Dance Teacher Resources

‘I want to learn tricks’: How and why to teach acro at your studio

Acrobatic Arts. Photo courtesy of Mandy Yip.
Acrobatic Arts. Photo courtesy of Mandy Yip.

Most of us remember when acrobatics started to creep more and more into dance routines. Maybe it was the advent of So You Think You Can Dance and the boom of the dance competition scene that created this gymnastics/dance mash that many were once appalled by, or afraid of. Acrobatics and gymnastics can be awe-inspiring, athletic and artful. Who doesn’t love a bit of cirque? But many have asked if dance and acrobatics should have a place together. That was until Mandy Yip of Canada launched Acrobatic Arts in 2012, changing dance education by empowering us all with achievable, safe and artistic “acrodance.” 

Acrobatic Arts. Photo courtesy of Mandy Yip.
Teachers undergoing an Acrobatic Arts certification course.

Being a contemporary and jazz dance teacher, I have increasingly been asked by students to add more and more “tricks” to my choreography. The students see it on television or Instagram, and think they automatically have the strength, technique or flexibility to safely achieve the skills (whether they actually do is another question). But how, with a safe dance conscience, do I train my dancers to achieve such feats and integrate them seamlessly into choreography without producing a clunky piece where the story, feeling and movement is abruptly interrupted by a tumbling pass? And how can I teach these tricks without, God forbid, serious injury?

I found my answer this July in Adelaide at the Acrobatic Arts’ teacher certification program.

Acrobatic Arts is a progessional-based syllabus program designed for teaching acrodance, a fusion of the artistry and technique of formal dance training with the athleticism of acrobatics.

Acrobatic Arts. Photo courtesy of Mandy Yip.
Teachers undergoing an Acrobatic Arts certification course.

The two-day training course I attended not only taught me new exercises and drills to increase endurance, strength and flexibility, but it made spotting and teaching acrobatic and tumbling skills achievable. With a mixture of practical classes with students of all levels and sizes, as well as a chance to try exercises and skills ourselves (which I was a little too enthusiastic about), alongside seminars on anatomy, progressions, dance safety and acrodance choreography, I left the two-day course feeling confident and enthusiastic about the possibilities. The practical, hands-on experience with adorable students from local studio, Pivotal Dance, and the well-designed lesson plans and syllabus requirements, over the six levels of Module One, gave me everything I’ve needed to introduce acrodance to my students. To say I was excited would be an understatement.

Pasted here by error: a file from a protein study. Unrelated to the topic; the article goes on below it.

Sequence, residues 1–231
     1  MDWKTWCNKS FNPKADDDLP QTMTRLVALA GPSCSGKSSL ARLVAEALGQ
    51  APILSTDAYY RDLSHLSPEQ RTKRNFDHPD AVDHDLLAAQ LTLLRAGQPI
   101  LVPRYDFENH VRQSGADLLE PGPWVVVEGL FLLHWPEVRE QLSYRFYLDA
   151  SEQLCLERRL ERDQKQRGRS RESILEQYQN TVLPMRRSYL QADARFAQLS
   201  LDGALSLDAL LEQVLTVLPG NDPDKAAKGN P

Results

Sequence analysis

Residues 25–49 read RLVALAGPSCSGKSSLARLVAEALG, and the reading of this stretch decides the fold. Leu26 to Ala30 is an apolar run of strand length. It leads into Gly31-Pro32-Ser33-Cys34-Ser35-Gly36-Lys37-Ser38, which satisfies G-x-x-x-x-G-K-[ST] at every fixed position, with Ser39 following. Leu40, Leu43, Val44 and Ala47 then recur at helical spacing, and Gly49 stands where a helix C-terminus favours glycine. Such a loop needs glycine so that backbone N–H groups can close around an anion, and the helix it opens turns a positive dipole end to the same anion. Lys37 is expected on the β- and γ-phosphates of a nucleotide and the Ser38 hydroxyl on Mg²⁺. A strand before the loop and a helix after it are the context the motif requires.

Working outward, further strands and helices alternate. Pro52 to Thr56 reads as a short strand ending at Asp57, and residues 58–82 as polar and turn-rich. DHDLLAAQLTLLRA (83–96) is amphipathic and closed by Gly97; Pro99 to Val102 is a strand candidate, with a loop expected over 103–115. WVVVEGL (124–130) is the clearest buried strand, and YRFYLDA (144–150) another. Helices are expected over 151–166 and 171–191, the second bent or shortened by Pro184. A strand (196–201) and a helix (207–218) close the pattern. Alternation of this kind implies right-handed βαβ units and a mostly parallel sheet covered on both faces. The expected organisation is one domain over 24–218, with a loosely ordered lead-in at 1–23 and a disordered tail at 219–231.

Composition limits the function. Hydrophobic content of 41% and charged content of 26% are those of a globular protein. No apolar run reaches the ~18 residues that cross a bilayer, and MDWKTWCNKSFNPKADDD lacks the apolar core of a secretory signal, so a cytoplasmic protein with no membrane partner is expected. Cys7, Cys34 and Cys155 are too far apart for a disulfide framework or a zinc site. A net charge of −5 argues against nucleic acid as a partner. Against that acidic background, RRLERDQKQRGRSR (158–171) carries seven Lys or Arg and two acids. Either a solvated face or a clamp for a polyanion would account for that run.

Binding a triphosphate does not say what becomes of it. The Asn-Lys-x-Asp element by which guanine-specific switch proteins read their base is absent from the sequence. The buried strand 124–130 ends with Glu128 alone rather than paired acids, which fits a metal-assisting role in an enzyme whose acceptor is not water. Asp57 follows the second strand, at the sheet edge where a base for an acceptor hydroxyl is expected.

When chatting with other dance teachers who have incorporated Acrobatic Arts into their studio offerings, we’ve all gushed over the many benefits we didn’t actually think about when embarking on this acrodance journey. We’ve found that by training dancers through the carefully planned progressions of Acrobatic Arts, we have discovered that we can quite quickly see deficits in strength or flexibility, or placement issues that might not have otherwise been picked up until advanced levels of ballet or jazz training. By working through the exercises and required skills in each level, we can quickly see where dancers’ strengths and challenges lie, and we have exercises right at our fingertips to safely help develop them. We’ve discovered that the strength, endurance, flexibility and body awareness that the program focuses on can help pinpoint issues early on in a dancer’s training and make them stronger and more efficient and proficient, as they advance to higher levels of their dance training.

Acrobatic Arts. Photo courtesy of Mandy Yip.
Teachers undergoing an Acrobatic Arts certification course.

Teachers also remarked about the dance compatibility of the program. Whereas flat footed, forward facing gymnastics or traditional acrobatic training can be difficult to blend seamlessly with choreography, we have found that Acrobatic Arts skills are taught with dance aesthetic and choreography in mind. 

Whether you want an acro-focused studio, or you’d just like to help your students be more versatile and strong, incorporating Acrobatic Arts is actually easier than I imagined, with great results. If you are already a certified dance teacher with an interest in teaching acrodance, then you just need to set aside two days and muster up some focus to take the course and gain your certification. At first, I felt a little overwhelmed with the information and was daunted by the prospect of teaching dancers to tumble without breaking their neck, but by the end of the training, I felt empowered. The easy-to-use app, informative manual and explanatory list of equipment needs (which is just basically mats and yoga blocks) had me leaving knowing that I could start acrodance classes straight away, with success. 

If you’re thinking about Acrobatic Arts certification, I’d say “do it!” I not only had a blast at the training days and made new likeminded dance teacher friends with whom I still chat today, but I now have a safe, effective and fun program to engage, inspire and challenge my students.

For more information about Acrobatic Arts and training dates and cities, including upcoming January school holiday dates across Australia, visit www.acrobaticarts.com.

By Deborah Searle of Dance Informa. 

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